An effort by an Orange County supervisor to spare the life of a wolf-dog hybrid that once killed two cats in Anaheim and has been deemed a vicious danger to the community by animal control officials fell on deaf ears Tuesday, meaning the animal will likely be put to death.
Board of Supervisors Chairman Todd Spitzer asked his colleagues to override OC Animal Care’s decision — which has already been upheld by a Superior Court judge — to euthanize the 4-year-old husky mix. He said the dog, named Karma, should be sent to the Wolf Mountain Sanctuary in Lucerne Valley.
His motion, however, died when none of Spitzer’s colleagues seconded the motion.
Thousands of animal advocates have signed an online petition asking that the dog’s life be spared.
Karma was impounded in May when its owners were arrested in a domestic violence dispute, and the couple’s four children — ranging in age from infant to 8 years old — were placed at the Orangewood Children’s Home, Spitzer said.
After it was impounded, OC Animal Care officials determined the husky was part-wolf, and could not be properly vaccinated against rabies. They also noted that the animal in 2012 killed two cats in its Anaheim neighborhood while roaming free, demonstrating that it is a vicious animal.
Spitzer argued, however, that the dog was “neglected and not fed,” prompting it to hunt down the two cats.
“So hungry dog, neglected by drug users, gets out and does what it is trained to do — goes after a cat just like Wile E. Coyote,” Spitzer said.
But veterinarian Jennifer Hawkins, the OC Animal Care director who recommended euthanizing the dog, said such behavior isn’t acceptable.
“It’s not common for dogs to be killing cats — that is why this (vicious dog) code exists,” she said.
During Tuesday’s meeting, Spitzer grilled Hawkins on her stance that the county had to put the dog down because there are no appropriate places in which to shelter it. Spitzer said he has received assurances from county attorneys that the Lucerne Valley sanctuary would meet the county’s requirements for placement of the animal.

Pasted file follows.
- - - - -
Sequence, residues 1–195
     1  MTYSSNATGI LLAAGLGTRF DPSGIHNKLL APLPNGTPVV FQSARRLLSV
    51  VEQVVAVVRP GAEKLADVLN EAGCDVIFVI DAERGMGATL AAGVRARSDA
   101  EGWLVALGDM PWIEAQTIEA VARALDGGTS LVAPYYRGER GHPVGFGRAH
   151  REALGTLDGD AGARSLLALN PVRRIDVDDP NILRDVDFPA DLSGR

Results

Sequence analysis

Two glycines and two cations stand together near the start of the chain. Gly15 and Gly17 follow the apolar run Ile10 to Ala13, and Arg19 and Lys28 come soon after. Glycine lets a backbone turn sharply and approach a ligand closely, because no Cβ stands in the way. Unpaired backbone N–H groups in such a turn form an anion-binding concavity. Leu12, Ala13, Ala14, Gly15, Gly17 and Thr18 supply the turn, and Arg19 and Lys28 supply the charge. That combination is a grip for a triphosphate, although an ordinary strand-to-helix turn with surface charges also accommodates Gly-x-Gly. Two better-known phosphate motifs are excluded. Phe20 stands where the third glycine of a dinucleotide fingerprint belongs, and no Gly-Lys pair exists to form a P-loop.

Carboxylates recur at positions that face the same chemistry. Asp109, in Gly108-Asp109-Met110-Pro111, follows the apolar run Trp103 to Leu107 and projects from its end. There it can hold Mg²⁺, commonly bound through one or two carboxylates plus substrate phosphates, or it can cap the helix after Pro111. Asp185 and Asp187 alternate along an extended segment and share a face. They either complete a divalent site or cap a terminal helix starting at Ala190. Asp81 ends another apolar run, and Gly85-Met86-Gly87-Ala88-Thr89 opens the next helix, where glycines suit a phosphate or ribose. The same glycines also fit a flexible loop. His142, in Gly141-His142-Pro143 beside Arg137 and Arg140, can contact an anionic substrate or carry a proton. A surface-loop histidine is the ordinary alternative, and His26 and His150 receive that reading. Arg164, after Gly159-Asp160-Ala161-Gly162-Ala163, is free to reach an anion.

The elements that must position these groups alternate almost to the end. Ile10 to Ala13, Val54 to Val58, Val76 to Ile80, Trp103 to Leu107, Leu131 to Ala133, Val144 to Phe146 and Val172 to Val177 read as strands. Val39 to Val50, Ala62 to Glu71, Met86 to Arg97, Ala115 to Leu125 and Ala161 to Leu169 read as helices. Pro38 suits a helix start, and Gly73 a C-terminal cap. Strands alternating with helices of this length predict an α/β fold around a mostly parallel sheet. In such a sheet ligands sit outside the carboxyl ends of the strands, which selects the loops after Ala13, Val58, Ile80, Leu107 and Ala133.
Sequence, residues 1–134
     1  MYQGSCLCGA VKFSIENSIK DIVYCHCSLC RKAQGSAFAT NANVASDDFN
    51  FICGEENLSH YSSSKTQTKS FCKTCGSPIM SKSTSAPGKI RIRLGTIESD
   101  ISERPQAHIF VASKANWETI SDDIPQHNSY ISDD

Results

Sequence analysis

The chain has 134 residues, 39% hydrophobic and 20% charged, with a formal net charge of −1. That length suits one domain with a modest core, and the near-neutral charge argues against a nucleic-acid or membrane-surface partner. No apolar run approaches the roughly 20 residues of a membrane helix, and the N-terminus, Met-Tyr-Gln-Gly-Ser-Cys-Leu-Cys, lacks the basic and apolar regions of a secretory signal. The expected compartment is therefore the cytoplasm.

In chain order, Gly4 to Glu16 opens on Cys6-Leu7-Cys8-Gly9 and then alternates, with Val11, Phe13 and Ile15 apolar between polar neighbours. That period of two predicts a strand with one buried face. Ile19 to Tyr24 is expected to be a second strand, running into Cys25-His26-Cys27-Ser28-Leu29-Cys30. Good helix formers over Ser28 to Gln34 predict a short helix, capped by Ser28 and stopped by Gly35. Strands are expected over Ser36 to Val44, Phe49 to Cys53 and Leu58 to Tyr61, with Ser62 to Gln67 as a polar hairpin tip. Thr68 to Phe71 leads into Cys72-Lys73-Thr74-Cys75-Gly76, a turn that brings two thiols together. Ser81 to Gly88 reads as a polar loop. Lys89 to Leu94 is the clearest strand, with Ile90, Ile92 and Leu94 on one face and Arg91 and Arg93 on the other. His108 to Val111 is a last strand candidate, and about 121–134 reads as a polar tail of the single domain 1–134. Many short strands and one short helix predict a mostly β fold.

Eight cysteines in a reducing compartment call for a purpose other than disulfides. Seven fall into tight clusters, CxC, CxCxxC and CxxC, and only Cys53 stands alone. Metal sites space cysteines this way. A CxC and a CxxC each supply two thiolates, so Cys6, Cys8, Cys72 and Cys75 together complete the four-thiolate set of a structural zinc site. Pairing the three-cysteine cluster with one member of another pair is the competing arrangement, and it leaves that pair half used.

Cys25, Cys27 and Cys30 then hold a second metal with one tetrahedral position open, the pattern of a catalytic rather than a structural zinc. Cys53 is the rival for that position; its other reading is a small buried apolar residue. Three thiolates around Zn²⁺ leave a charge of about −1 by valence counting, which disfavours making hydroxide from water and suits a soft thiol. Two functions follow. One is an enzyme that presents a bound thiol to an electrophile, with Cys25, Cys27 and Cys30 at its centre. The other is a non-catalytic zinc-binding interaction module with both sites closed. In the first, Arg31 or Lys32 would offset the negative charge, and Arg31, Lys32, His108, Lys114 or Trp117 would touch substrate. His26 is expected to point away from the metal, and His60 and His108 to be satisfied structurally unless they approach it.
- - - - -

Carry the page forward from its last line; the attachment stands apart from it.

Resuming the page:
Hawkins conceded that it was a “tough call” to decide the dog’s fate, but she insisted the animal poses a threat to the public and needs to be put to sleep. Hawkins cited a separate incident in which the dog aggressively ran at a woman carrying a child.
“She had to throw water (at the dog) and run and try to get away from the dog,” Hawkins said.
Although Spitzer contended the dog did not knock down the woman or bite or attack the children, Hawkins insisted, “In my professional opinion that is very close to being aggressive,” Hawkins said.
Joining the debate, Supervisor Shawn Nelson blasted Spitzer for wanting to go against the advice of the county’s professional animal care director — as well as an Orange County Superior Court judge who sided with Hawkins on the dog’s viciousness.
The judge “agrees with her opinion,” Nelson said. “And it’s not changing, so what would be the basis for us to go back to (the judge) and say he’s wrong?”
Nelson said it wasn’t enough to tell a judge that county officials simply disagree and want to save the dog.
“We’d have to hire an expert that maybe has a different opinion,” Nelson said. “There’s nothing else to do unless (Hawkins) came to us with something different.”
Nelson also criticized Spitzer for arguing that the animal is essentially a Husky breed with “wolf lineage” and not a wolf-dog hybrid — but he wants to place the animal in a wolf sanctuary.
“I thought your argument is it’s not a wolf,” Nelson said. “Why not go to the Chihuahua sanctuary?”
The board, at the urging of Supervisors Lisa Bartlett and Andrew Do, discussed the issue further behind closed doors. But when Spitzer his motion to spare the dog, neither Bartlett, Do nor Nelson offered a second. Supervisor Michelle Steel was absent.
“That means (the judge’s order) will stand,” Spitzer said.
—City News Service
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